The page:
Toshiba MG03ACA400 4TB Nearline HDD Review

We’ve just posted the following review: Toshiba MG03ACA400 4TB Nearline HDD Review[newsimage][/newsimage]

This review is of a specifically tailored enterprise HDD: The 3.5” MG03ACA400 4TB Nearline drive.

Let’s start with what the drive is tailored to be. In today’s market, what distinguishes this drive from the others? Well, it is simply specifically made and optimised for backup storage. This drive is not made to host an operating system, where random read and write performance of small files matters, although it could. Its purpose is solely to sustain sequential writes from a host system more efficiently than traditional HDDs.

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An excellent first review Tweakr.


Regds, JR

Congratulations on your first review Tweakr.

Why, thank you guys!


Nice review.

The unit is comprised of 5x 800GB platters, while current revision products are 4x 1000GB platters.
I guess this explains why a Seagate 5900rpm drive outperforms this 7200rpm drive.

Thank you, debro!

It could very well be as you say. Do you have a particular model from Seagate in reference to this statement? I would like to have a glance at a more detailed level, so if you could provide a link to the model you refer to, it would be much appreciated.

Kind regards,

So, is this a firmware tweak or is it a deeper part of the design? (apologies if this is already covered in your review). The benchmarks seem exactly what they should be for a firmware tweak. IMO, if they actually made the platters “better” for this application, it would go over 210mb burst and include more read/write heads (no doubt cost 15 - 20% more too).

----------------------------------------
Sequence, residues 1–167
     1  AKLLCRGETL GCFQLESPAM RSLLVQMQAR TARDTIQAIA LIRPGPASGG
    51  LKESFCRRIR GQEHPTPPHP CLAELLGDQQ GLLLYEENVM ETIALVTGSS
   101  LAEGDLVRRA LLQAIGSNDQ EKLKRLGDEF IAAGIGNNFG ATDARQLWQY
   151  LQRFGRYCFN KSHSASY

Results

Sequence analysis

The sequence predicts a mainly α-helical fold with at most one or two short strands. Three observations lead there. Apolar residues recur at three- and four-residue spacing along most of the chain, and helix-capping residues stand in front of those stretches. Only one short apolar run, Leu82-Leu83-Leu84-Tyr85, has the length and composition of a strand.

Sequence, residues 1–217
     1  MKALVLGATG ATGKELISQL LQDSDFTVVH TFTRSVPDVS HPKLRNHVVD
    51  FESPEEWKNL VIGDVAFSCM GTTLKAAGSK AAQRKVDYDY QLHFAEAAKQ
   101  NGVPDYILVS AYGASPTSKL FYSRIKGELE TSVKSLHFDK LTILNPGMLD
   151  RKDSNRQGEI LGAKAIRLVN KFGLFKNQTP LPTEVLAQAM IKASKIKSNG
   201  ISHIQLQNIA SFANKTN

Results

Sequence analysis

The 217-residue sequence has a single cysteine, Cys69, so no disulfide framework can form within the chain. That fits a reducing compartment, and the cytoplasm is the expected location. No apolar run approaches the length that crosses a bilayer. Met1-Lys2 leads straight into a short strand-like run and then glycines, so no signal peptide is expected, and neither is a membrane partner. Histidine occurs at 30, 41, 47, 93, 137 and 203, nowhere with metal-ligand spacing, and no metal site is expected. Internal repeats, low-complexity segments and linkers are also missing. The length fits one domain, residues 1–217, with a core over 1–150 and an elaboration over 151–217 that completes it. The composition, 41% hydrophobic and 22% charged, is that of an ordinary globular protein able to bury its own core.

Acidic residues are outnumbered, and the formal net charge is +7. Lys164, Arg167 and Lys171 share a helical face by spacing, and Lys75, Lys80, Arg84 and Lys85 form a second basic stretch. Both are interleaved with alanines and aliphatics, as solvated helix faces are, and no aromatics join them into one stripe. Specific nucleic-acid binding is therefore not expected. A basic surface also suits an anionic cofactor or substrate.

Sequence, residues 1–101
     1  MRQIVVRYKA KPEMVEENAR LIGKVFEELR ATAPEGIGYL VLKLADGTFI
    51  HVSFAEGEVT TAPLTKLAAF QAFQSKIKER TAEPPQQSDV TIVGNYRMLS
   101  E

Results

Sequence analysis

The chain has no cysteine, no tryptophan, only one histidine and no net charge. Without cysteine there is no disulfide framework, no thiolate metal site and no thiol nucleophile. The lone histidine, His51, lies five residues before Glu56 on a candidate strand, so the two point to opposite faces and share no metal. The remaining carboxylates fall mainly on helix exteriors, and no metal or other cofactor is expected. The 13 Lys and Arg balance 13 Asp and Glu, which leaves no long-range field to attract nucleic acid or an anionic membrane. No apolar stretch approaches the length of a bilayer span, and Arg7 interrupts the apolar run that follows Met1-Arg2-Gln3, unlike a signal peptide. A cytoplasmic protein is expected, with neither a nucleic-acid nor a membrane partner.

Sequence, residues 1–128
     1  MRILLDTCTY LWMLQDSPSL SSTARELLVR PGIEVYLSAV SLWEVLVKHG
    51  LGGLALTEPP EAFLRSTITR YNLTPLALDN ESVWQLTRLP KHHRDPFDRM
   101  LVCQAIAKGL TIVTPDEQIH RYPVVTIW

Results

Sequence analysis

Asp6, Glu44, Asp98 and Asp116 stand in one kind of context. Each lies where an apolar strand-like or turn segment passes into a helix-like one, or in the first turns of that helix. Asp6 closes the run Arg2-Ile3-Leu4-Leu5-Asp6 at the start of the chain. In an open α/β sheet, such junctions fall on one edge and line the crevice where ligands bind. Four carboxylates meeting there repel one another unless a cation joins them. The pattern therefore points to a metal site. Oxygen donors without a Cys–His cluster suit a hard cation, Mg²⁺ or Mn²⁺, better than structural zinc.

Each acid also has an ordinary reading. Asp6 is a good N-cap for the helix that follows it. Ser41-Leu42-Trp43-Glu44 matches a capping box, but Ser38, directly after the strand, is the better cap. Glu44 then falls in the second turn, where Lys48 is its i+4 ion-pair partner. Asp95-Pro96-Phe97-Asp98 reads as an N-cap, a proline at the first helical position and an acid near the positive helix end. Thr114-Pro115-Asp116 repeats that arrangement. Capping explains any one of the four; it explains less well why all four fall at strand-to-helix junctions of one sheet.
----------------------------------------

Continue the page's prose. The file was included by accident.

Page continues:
tmc8080: I must admit that I am not sure whether it is all firmware specific or if there is some mechanical adjustments as well going on with this model to produce such behaviour.

Kind regards,

I’m very skeptical of many tech “innvations” lately since the glacial pace of CPU processor innovation is leveling off-- marketing “HYPE” is reaching levels unseen in tech biz… even throughout the go-go 80s.

Nearline seems innovative for HDD’s which will see more readback than writing over it’s operational life, such as in home media servers and the like, but IMO, the real JUICY innovation must come from improving WRITE performance with more drive heads which run in parallel on the same platters at the same time (possibly in arrays resulting in less overall movement of the drive heads themselves and efficiencies). This was tried and abandoned with optical discs, but I think still has merit in HDD design.